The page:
Quantcast

Shocking Photos of Green Sea Turtle Killed by Ingesting Plastics and Other Marine Litter

A green sea turtle was found dead on a beach in Sai Kung, Hong Kong, with its stomach and intestines filled with plastic and other marine debris, underscoring the growing crisis of ocean pollution.

The greatest threat to green sea turtles, which are endangered, is the commercial harvesting of their eggs, poaching and bycatch (unintentional capture from fishing).

However, this recent incident in Hong Kong highlights the disturbing fact that human-caused trash is a growing threat to aquatic life. As the World Wildlife Fund (WWF) told the Hong Kong Free Press, this is the first time that a green sea turtle in Hong Kong has been found dead from ingesting marine litter.

According to Hong Kong newspaper Stand News, the turtle was found by a local woman named Mandy Wong, who immediately notified the Agricultural, Fisheries and Conservation Department upon discovery. When she returned to the site the next day, she was surprised to find that the turtle's body had been torn apart (perhaps by a dog) with the turtle's stomach and intestines filled with trash.

Dee Hwa Chong, senior fish researcher at the Ichthyological Society of Hong Kong, told Chinese newspaper Ming Pao that the turtle had died from ingesting plastic litter that can tear apart its digestive tract and block its intestines, preventing the turtle from taking in food.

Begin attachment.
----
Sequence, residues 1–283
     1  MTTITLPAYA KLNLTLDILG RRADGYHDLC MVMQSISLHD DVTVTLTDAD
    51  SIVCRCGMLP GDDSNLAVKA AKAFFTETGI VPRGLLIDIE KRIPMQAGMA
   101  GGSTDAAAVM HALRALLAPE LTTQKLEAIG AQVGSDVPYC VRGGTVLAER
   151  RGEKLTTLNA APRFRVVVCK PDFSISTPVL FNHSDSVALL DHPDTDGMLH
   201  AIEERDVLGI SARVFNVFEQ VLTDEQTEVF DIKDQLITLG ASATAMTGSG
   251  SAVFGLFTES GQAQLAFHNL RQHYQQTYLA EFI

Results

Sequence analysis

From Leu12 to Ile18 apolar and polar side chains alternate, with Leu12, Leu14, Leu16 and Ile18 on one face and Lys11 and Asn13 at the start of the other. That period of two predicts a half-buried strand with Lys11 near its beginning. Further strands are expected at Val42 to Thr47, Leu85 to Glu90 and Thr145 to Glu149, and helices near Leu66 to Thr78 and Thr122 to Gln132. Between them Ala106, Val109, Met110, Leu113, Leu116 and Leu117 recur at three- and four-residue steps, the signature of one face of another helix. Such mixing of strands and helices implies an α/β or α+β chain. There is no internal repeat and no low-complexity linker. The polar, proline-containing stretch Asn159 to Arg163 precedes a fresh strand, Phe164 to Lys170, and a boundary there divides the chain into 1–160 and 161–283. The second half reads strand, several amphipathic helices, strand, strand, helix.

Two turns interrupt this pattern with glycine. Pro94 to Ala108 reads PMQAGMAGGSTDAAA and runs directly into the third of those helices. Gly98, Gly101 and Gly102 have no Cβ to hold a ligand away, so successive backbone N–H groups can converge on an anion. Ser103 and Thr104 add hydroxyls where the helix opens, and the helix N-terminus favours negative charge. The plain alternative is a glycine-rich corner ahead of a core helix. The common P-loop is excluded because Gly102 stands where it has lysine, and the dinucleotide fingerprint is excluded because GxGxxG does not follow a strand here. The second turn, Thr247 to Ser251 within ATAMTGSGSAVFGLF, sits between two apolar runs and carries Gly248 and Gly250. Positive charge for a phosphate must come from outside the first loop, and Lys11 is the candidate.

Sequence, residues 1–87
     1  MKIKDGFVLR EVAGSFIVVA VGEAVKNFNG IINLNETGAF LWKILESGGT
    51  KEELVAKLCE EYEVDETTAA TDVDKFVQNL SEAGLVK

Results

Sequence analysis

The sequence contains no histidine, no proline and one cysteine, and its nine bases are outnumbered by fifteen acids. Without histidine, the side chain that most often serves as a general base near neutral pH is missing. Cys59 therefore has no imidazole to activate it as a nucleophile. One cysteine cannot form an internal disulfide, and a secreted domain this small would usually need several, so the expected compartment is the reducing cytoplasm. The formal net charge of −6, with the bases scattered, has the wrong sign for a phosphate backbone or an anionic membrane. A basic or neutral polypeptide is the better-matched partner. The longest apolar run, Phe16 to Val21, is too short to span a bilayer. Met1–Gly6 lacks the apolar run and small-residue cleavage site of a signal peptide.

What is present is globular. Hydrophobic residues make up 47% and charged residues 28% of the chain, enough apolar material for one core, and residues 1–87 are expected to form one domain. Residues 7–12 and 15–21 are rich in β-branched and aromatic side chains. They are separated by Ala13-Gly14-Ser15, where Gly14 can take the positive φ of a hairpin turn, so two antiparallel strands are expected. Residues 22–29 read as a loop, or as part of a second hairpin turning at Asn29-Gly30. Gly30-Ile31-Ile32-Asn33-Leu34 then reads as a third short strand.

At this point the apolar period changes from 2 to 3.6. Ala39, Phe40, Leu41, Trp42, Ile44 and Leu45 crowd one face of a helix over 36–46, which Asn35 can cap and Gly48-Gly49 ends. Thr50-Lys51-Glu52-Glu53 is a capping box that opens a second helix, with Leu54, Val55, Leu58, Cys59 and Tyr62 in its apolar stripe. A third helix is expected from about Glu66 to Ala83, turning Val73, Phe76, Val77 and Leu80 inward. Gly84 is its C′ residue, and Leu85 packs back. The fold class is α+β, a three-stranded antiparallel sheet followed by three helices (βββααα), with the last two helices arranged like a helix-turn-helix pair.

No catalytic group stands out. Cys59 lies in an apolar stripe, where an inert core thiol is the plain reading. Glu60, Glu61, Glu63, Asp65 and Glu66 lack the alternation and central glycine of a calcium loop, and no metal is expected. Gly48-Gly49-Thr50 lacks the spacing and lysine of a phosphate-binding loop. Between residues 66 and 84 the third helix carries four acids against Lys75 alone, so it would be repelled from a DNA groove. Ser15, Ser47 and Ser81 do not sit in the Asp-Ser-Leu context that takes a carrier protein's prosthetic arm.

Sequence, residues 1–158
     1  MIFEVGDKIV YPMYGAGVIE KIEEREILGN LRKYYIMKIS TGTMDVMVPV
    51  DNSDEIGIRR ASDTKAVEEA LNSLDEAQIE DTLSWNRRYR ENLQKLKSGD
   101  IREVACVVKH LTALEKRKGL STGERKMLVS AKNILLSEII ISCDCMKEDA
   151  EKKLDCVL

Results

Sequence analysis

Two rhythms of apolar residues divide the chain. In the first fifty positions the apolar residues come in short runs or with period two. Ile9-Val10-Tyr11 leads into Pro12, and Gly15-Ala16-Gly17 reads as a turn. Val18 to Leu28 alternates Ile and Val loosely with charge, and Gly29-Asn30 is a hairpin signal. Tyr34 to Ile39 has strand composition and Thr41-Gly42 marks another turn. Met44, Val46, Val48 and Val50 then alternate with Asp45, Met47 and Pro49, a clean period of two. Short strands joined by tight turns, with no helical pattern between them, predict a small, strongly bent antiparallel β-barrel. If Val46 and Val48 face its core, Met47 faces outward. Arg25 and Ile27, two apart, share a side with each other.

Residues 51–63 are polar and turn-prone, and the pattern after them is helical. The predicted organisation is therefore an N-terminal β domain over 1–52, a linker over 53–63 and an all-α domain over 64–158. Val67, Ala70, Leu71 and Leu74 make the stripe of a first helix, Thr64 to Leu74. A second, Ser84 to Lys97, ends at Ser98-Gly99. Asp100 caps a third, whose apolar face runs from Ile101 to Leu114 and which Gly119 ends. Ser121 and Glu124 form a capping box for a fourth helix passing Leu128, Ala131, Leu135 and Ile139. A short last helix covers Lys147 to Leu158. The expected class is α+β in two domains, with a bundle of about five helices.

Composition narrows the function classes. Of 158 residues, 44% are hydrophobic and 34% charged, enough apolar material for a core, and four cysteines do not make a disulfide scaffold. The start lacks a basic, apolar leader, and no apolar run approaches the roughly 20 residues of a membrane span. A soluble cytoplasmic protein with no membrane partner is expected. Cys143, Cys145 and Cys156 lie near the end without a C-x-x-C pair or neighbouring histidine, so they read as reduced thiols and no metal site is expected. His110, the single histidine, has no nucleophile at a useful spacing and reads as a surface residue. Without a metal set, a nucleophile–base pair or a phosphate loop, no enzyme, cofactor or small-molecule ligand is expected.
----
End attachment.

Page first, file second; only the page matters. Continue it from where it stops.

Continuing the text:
The WWF's Coastal Watch conducted a comprehensive survey on marine litter on coastal habitats in Hong Kong from July 2014 and May 2015, and concluded that plastic trash is a severe threat to all marine ecosystems.

"During all of the surveys, we observed various organisms entangled in debris which caused injury or death, like 'ghost nets' (fishing nets which have been cast adrift). We also found fish bite marks on pieces of plastic litter," said Patrick Yeung, Coastal Watch project manager. "The pollutants absorbed by marine animals will potentially bioaccumulate along the food chain, which will eventually damage the marine ecosystem, affect fishery resources and human health. It is imperative that we tackle the marine litter problem at its source immediately."

Green turtles are a protected species in Hong Kong and listed as endangered by the International Union for Conservation of Nature and Natural Resources. According to Conserveturtles.org, the current population of nesting females is estimated to be between 85,000 and 90,000.

It's clear that we must reduce our plastic footprint as this pollution chokes the entire marine food chain, from plankton to much larger creatures.

Roughly 8 million tons of plastic is dumped into the world’s oceans every year, and according to a recent study, 60 percent of this waste comes from just five countries: China, Indonesia, the Philippines, Thailand and Vietnam. As these economies continue to grow and demand more plastic goods, it's projected that plastic consumption in Asia will increase by an astonishing 80 percent to surpass 200 million tons by 2025.

Last week, EcoWatch reported that a dead sperm whale was found off the coast of Taiwan with vast quantities of plastic bags and fishing nets filling its stomach.

YOU MIGHT ALSO LIKE